One giant step for a researcher, one small leap for the research field
In a research world more and more obsessed with publish or perish, submitting research manuscripts can be a daunting hill to climb as a new researcher. That hill turns into a mountain when those results go against an existing paradigm.
This second blog is also inspired by the Rooting 2017 meeting in Umea in May (see the last blog here) and some amazing conversations I had with several PhD students and postdocs who have convincing results that go against different ideas in the root world. Despite discouragement from supervisors who thought the experiments wouldn't work, these researchers often did experiments anyway to produce truly interesting results!
This brings me to my first point: CONGRATULATIONS! YOU ARE NOW A BONIFIED RESEARCHER!
This really excites me - seeing the next cohort of research leaders thinking, testing and following their instinct and logic to do amazing science.
What worries me, however, is the consistent feeling of dread amongst these fantastic people regarding publishing these potentially controversial results and their impression that they won't be believed because they 'are nobody'.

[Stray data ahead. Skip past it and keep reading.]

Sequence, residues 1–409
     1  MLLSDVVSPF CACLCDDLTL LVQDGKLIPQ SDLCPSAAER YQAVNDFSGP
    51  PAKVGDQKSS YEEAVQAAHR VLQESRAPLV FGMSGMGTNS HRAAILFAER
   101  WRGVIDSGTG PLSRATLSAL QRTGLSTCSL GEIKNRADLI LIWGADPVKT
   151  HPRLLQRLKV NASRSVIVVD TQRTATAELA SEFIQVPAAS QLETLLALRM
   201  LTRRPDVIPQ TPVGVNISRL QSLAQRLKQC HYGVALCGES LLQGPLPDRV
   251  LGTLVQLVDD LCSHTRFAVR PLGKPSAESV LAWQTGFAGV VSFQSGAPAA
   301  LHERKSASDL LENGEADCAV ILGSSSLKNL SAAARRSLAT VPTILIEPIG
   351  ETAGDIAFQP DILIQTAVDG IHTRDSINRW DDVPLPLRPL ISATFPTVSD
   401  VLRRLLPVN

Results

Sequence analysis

My next point then: You are not nobody. Those big names were unknowns once!
And they typically built their careers on making some big findings that went against those before them. This is how science works (often in small steps, sometimes in paradigm shifts!). And often it's not that they were wrong (although sometimes…) but rather understanding has progressed to better tease out the science underneath, or new techniques have become available that weren't possible before, shedding light on the topic.
Ok so that's all good and well and I'm sure none of that makes any of you amazing new scientists feel any better about the challenge ahead of you! So I contacted a range of editors from several journals (from ecology and plant science fields) to get their take on how to publish something that goes against existing ideas.
One quote that should immediately cheer you:
"‘Something not in line with existing understanding’: isn’t the simple answer that this is what we’re all looking for – scientists and journals?"
"I think that giving a field a new direction with results that contradict the current model is as exciting as new discoveries. Science is not written in stone, it is constantly evolving. A published peer-reviewed scientific paper is not a definite and absolute truth, it is more like a temporary working hypothesis waiting to be confirmed by other labs, or to be used to go even further."
The following four points were made by each editor and I've paraphrased to incorporate all of their points.
So go for it! I'm looking forward to seeing these bright sparks light up the hidden half!
I'm going to end with a quote which sums up things I've said in previous blogs:
"And if at first it doesn’t progress, use the advice provided and don’t give up.”
Thanks to the editors who took the time to comment and provide these inspirational quotes!